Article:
Jade Leaf – Cape Town’s Anti-Apartheid Urban Plan
June 2014. On December 31, 2013, the late Nelson Mandela’s giant face was projected onto Cape Town’s Italian neo-Renaissance City Hall. It was the same building where he first addressed his country as a free man two decades ago. Here and there, people were crying. Mandela – Tata Madiba by his African name – had died that month, and his multi-story image brought it home that it was up to the city now.
As the champagne corks popped at midnight, some of the audience turned to go, eager to beat the New Year’s Eve traffic. The cars with colored families — “colored” being South Africa’s accepted term for people of mixed race — headed home to the Cape Flats. Indian families drove to Rylands Estate. Black families steered toward Gugulethu or Khayelitsha. Whites had the shortest drive, to suburbs just a few blocks away, or to homes perched dramatically along Table Mountain’s towering slopes.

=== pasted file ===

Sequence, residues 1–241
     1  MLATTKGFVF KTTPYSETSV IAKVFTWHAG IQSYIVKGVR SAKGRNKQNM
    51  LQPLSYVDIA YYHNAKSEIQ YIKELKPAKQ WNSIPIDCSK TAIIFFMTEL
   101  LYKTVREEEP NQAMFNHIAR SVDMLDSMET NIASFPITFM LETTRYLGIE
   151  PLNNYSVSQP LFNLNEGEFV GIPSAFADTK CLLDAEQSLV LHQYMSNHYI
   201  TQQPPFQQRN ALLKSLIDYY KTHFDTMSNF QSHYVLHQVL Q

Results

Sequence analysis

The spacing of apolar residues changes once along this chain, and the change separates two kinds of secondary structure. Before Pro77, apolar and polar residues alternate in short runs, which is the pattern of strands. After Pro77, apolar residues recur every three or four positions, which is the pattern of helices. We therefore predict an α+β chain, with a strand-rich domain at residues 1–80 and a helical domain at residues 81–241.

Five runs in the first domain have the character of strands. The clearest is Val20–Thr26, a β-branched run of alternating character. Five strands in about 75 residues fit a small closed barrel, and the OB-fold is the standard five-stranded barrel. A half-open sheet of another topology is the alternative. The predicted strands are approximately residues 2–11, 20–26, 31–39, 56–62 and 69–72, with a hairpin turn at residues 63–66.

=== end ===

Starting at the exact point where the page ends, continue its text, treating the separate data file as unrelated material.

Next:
Within an hour of hearing Nelson Mandela speak of unity, we would be turning in, up to 60 kilometers apart, in suburbs mostly segregated by race.
Cape Town, then, is a good place to start if the question is, “Can design create a democratic city?” because it is here that exactly the opposite was achieved during the 20th century. From 1948, when formal apartheid was introduced, to the early 1990s, when its dismantling commenced, social and spatial engineering, as historian Vivian Bickford-Smith put it, transformed the spectacular peninsula from South Africa’s least to its most segregated city. Cape Town’s urban plan was guided by the ideology of the 1922 Stallard Commission, which was tasked with bringing black workers and consumers into cities while still keeping them separate from whites: